Image from “The Elephants Dream” by Blender Foundation


A few months ago i bought a 3.2” TFT display from banggood for my Raspberry PI. After a few days trying to put it to work, here’s how. My approach doesn’t uses any custom kernel

First, a few specs for the TFT

Display module: flexfb, fbtft

Touchscreen module: ads7846

The TFT needs SPI support, lets enable it

sudo raspi-config








Note: If you get the following error:

ERROR: could not insert 'spi_bcm2708': No such device

Don’t worry – just reboot your Raspberry PI now

After rebooting the PI, let’s start configuring the necessary modules

Add the following lines to /etc/modules (the support for the display and touchscreen)

fbtft_device name=flexfb gpios=dc:22,reset:27 speed=48000000
flexfb width=320 height=240 buswidth=8 init=-1,0xCB,0x39,0x2C,0x00,0x34,0x02,-1,0xCF,0x00,0XC1,0X30,-1,0xE8,0x85,0x00,0x78,-1,0xEA,0x00,0x00,-1,0xED,0x64,0x03,0X12,0X81,-1,0xF7,0x20,-1,0xC0,0x23,-1,0xC1,0x10,-1,0xC5,0x3e,0x28,-1,0xC7,0x86,-1,0x36,0x28,-1,0x3A,0x55,-1,0xB1,0x00,0x18,-1,0xB6,0x08,0x82,0x27,-1,0xF2,0x00,-1,0x26,0x01,-1,0xE0,0x0F,0x31,0x2B,0x0C,0x0E,0x08,0x4E,0xF1,0x37,0x07,0x10,0x03,0x0E,0x09,0x00,-1,0XE1,0x00,0x0E,0x14,0x03,0x11,0x07,0x31,0xC1,0x48,0x08,0x0F,0x0C,0x31,0x36,0x0F,-1,0x11,-2,120,-1,0x29,-1,0x2c,-3

ads7846_device model=7846 cs=1 gpio_pendown=17  speed=1000000 keep_vref_on=1 swap_xy=0 pressure_max=255 x_plate_ohms=60 x_min=200 x_max=3900 y_min=200 y_max=3900

For X, we need to configure it to start in the framebuffer /dev/fb1

Edit the configuration file for X display:

sudo vi /usr/share/X11/xorg.conf.d/99-fbturbo.conf

This is the contents of the file:

Section "Device"
        Identifier      "Allwinner A10/A13 FBDEV"
        Driver          "fbturbo"
        Option          "fbdev" "/dev/fb0"
        Option          "SwapbuffersWait" "true"

Change the line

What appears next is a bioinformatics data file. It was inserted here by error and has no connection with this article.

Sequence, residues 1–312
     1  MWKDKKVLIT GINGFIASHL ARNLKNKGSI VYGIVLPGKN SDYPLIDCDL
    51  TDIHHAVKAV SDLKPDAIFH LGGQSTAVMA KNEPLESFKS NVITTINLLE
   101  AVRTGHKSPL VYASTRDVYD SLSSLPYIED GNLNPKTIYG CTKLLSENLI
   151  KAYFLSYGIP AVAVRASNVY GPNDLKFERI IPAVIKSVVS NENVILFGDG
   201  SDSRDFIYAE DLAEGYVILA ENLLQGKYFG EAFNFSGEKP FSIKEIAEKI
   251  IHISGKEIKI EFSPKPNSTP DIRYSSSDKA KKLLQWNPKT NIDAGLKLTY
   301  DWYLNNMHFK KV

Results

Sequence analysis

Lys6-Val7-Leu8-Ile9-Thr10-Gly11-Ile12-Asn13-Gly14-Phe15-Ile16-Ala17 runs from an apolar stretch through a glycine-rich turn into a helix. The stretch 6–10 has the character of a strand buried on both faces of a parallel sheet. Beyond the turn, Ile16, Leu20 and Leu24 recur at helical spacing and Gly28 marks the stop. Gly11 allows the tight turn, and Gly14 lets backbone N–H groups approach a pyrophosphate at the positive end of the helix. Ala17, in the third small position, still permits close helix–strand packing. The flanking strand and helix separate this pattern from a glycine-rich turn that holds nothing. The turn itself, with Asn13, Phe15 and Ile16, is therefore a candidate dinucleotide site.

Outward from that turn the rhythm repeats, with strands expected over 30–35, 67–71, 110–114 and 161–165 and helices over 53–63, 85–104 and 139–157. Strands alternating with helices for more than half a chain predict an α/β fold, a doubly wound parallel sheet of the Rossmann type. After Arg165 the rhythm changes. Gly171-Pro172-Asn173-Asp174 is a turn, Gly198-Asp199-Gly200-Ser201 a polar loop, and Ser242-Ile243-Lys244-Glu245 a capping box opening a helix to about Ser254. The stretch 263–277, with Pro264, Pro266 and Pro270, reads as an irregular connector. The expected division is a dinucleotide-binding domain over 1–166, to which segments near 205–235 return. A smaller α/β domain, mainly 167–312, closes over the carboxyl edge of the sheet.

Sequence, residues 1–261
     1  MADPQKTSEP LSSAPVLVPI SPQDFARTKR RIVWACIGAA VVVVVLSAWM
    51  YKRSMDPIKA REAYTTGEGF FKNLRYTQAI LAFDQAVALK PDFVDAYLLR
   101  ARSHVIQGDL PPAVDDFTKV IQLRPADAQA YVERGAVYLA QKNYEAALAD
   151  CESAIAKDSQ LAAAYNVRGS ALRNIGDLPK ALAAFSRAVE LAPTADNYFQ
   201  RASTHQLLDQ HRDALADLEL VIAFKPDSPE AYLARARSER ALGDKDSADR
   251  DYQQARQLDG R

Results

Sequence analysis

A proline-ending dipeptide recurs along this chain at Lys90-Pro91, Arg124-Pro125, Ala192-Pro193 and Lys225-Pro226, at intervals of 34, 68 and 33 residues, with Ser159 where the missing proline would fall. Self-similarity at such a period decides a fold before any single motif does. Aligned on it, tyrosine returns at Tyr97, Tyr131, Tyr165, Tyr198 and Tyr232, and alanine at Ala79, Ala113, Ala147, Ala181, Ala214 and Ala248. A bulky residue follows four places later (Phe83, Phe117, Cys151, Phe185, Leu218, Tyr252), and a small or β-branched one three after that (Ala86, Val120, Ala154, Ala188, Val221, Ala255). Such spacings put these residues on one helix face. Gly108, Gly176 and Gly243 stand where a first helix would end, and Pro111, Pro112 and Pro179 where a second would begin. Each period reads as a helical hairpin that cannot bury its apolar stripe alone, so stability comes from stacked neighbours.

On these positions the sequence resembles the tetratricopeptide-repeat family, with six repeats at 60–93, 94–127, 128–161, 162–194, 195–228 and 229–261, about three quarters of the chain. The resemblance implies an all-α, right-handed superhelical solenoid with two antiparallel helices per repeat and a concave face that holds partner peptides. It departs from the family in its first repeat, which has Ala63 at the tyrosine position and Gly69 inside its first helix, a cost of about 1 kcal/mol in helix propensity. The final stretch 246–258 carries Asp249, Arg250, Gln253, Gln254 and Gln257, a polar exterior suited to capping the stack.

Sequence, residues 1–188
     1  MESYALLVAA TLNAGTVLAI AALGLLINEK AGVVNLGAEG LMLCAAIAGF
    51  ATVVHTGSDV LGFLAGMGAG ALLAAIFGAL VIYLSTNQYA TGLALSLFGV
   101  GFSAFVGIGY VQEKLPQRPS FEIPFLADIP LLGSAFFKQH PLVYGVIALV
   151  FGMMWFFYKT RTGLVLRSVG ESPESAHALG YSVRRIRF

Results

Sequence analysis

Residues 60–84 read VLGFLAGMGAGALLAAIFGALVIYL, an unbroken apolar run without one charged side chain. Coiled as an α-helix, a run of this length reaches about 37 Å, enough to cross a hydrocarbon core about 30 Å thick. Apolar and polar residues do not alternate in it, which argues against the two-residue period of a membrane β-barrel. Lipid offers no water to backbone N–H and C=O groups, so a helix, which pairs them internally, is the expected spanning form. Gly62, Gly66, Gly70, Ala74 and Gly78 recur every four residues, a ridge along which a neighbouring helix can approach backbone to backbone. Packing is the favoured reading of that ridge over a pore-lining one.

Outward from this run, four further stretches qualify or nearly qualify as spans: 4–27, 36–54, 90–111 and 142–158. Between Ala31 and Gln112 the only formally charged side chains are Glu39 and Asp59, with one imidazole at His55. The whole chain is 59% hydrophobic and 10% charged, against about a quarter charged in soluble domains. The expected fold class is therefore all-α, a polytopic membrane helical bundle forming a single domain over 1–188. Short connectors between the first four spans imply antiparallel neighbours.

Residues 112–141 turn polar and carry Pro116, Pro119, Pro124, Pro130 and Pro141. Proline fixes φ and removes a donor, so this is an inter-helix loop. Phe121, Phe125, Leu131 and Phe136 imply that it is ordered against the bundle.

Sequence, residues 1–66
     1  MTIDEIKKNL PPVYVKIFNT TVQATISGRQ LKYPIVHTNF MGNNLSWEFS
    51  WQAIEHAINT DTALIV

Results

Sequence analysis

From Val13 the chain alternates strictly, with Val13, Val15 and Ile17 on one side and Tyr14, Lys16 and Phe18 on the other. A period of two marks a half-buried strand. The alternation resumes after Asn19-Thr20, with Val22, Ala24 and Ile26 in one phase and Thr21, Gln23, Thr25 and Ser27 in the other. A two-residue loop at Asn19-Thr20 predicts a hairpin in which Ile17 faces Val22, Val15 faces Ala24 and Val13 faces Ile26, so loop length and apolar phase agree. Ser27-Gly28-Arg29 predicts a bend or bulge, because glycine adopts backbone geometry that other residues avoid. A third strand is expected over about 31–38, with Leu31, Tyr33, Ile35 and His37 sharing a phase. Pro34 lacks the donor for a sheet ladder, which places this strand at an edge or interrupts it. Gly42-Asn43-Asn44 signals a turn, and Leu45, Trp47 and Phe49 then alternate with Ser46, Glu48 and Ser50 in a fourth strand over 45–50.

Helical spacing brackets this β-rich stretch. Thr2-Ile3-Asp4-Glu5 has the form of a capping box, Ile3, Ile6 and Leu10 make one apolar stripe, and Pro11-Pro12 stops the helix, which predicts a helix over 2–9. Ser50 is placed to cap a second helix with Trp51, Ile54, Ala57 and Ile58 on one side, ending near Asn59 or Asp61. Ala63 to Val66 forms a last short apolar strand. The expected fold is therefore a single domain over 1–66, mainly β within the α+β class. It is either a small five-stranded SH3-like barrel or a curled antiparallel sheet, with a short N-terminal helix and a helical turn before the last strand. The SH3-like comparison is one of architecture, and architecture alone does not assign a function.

Option          "fbdev" "/dev/fb0"


Option          "fbdev" "/dev/fb1"

Save the file and quit

In /boot/overlays there’s the device tree overlay to add support for the touchscreen this LCD brings – ads7846. We just need to tell to the RPi to add support for it.

Device Tree Overlays make possible the support of many hardware configurations with a single kernel and without the necessity to blacklist or load kernel modules.

More info about Device Tree Overlays in here.

There’s a small configuration file – config.txt – that controlls the usage of the Device Tree Overlays.

sudo vi /boot/config.txt

add the following line (at the end of the file):

# Touchscreen - to know what's this line about
dtoverlay=ads7846,cs=1,penirq=17, speed=500000, swapxy, pmax=255, xohms=100, xmin=200, xmax=3900, ymin=200, ymax=3900

Make sure the SPI line is also there:


Reboot the PI

Now, check the device in /proc/bus/input/devices

cat /proc/bus/input/devices

and you should see something like:

I: Bus=0000 Vendor=0000 Product=0000 Version=0000
N: Name="ADS7846 Touchscreen"
P: Phys=spi0.1/input0
S: Sysfs=/devices/platform/soc/20204000.spi/spi_master/spi0/spi0.1/input/input0
U: Uniq=
H: Handlers=mouse0 event0
B: EV=b
B: KEY=400 0 0 0 0 0 0 0 0 0 0
B: ABS=1000003

If you start X, you can now touch the screen, but it will not be calibrated.


To calibrate the screen, we must do this as root